The One Thing That I Have In Common With Vice-President Joe Biden

Do you know what binds and connects all of us? Not our love for certain types of food or loyalty to a football team. We’re not connected because of the color of our skin or where we went to school or where we grew up. What binds EVERY single person regardless of geography, race or political affiliation is grief. Grief, no matter how old you are or where you live or what you do for a living, affects all of us. ALL OF US. I know that’s not a positive connection, but it’s a real connection.

I watched Vice-President Joe Biden’s interview with Stephen Colbert last week and I felt EVERY word Mr. Biden said. And this man is the VICE PRESIDENT OF THE UNITED STATES! Please know this is so NOT about politics. Mr. Biden feels grief just like the rest of us. What?? Yep. This man can’t possibly think through or past his cloud of grief to decide whether or not he might run for PRESIDENT. This man lost his son Beau THREE MONTHS AGO to brain cancer and now they are asking if he, while still grieving, will run for PRESIDENT.

Y’all three months after mom died in 2012 not only did I not know what time of day it was, I couldn’t decide if I wanted toast no jelly or toast with jelly (grape or strawberry???) and I would just stand in the middle of the kitchen with the jar of jelly in my hand. Never mind that it was 3 p.m. in the afternoon. What?! That’s called grief. Like, the smallest of decisions was debilitating and just nerve-racking. I remember one time, about six months after mom died, I was trying to decide if I was going to church and I couldn’t figure out what to wear. It was like taking baby steps. What I wanted to wear didn’t fit properly and then what did fit didn’t “match” the shoes I chose…and then I realized that I hadn’t shaved my legs so, well, yeah, that’s just unacceptable that I’d go to church wearing a skirt with hairy legs right? I’m so very serious right now. I fell out in a bawling heap and no, I didn’t go to church that day. And Mr. Biden is trying to decide to run for President? God bless this man because I.Can’t.Even.

Check out Mr. Biden’s interview with Colbert. You don’t have to watch all of it. At the 4:00 mark in the first video he discusses his son Beau and around the 6:50 mark he talks about how faith sometimes leaves you in the middle of dealing with grief. In the second video at the 3:59 mark he talks about whether or not he can give it his all. It’s the second video where his description of grief is raw and real.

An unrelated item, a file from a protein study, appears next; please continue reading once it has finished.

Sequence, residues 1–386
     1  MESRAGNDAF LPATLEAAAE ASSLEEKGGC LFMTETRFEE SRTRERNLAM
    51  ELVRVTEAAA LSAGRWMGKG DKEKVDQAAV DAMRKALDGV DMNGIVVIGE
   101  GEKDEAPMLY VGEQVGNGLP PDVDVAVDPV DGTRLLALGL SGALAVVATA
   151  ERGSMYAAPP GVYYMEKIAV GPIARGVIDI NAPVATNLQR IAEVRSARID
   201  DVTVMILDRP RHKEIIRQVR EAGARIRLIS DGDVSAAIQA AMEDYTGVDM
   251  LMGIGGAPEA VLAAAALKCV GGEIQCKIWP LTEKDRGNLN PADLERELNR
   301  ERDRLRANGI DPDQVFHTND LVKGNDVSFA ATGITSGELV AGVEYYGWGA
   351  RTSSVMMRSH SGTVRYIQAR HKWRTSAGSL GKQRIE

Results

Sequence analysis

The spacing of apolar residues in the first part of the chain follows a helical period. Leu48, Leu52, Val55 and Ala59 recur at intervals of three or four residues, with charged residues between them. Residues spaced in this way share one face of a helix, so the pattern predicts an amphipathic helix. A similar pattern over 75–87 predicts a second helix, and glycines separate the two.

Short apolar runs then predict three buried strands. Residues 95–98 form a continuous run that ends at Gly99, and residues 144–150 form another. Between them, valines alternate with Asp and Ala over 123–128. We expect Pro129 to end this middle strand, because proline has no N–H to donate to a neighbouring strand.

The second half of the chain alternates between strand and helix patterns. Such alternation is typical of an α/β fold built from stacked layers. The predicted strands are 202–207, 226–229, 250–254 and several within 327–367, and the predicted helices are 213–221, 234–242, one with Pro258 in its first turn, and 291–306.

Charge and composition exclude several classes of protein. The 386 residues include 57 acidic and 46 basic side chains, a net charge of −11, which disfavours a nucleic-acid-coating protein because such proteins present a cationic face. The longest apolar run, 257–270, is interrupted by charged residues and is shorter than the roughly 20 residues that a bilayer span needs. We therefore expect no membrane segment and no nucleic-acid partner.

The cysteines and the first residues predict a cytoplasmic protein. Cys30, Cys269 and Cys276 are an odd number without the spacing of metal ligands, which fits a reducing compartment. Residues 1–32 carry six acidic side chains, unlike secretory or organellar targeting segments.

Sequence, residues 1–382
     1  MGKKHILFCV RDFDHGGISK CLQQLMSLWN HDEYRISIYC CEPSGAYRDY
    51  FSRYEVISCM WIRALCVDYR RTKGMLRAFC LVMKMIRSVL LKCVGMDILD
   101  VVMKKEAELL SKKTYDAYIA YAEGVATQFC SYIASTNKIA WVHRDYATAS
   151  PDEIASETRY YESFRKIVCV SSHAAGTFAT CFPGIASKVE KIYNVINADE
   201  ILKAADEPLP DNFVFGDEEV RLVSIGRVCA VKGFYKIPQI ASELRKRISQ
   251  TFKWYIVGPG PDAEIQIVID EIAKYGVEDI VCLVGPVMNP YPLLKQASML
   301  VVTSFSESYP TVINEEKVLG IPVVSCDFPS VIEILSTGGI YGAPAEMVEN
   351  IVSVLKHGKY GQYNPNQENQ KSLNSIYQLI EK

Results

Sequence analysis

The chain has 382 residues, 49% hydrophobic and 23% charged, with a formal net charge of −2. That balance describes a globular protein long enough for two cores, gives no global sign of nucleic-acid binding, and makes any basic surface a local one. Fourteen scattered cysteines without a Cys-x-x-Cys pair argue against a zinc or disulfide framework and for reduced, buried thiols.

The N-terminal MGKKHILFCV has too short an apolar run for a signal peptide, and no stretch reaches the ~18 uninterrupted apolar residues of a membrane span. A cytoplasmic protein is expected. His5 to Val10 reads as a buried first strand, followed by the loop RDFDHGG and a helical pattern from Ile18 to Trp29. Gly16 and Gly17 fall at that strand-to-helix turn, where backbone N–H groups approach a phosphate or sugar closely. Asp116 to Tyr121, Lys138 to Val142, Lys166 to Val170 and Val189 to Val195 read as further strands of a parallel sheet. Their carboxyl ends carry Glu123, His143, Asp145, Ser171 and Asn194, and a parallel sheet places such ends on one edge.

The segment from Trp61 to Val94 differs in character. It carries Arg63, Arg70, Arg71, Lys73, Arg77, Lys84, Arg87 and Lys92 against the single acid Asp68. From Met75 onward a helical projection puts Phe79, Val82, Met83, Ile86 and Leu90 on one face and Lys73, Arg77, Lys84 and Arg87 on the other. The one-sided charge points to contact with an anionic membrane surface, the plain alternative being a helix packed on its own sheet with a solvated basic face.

Vice-President Biden: “I don’t think any man or woman should run for president unless, number one, they know exactly why they would want to be president. Two, they can look at the folks out there and say, ‘I promise you have my whole heart, my whole soul, energy, and my passion to do this.’ And I’d be lying if I said that I knew I was there. I’m being completely honest.”

Praying for this man and his family.

#LCSM Chat 8/27 8pm ET: Let’s get social… in our health?


This week’s chat is for anyone who has always wanted to know more about becoming a patient advocate via social media. Many think that it’s difficult to join or follow a tweet chat or that it’s hard to comment about topics that might be too personal. In some ways it CAN be difficult to share such personal stories with people you don’t know. However, you never know when something you share might help others. Also, no one forces you to share anything that you don’t want to share. Even if you’ve never participated in a tweet chat before, it doesn’t take a professional to follow one. If you’ve always wanted to join a chat on Twitter, but you were afraid or didn’t know how, this should be your first chat. You’ll learn some tips and you’ll probably discover that you aren’t alone in your journey. You also just might make a few friends! Read on for more about Thursday’s chat, 8/27, 7 p.m Central. Be sure to check out the links to some excellent articles about chats and other online communities.

Originally posted on #LCSM :

by guest host Christina Lizaso

The internet has obviously changed a lot of things. One of the most exciting and impactful changes for me has been how it enables patients to find each other and form disease communities. It began with discussion boards; now there are an amazing number of options to suit various interests, styles and comfort levels. The rise of online patient communities has been especially important for those with rare disease and diseases which carry stigma.

What is really exciting is to see patient communities go beyond internally supporting one another and reach out to make a bigger impact — with their data, in cross-disease advocacy and information sharing, and in working directly with doctors, healthcare workers, researchers, pharma and health IT professionals.

I’m definitely an admirer of the #LCSM community, which was formed and launched just prior to Dee Sparacio (@womenofteal) and I forming…

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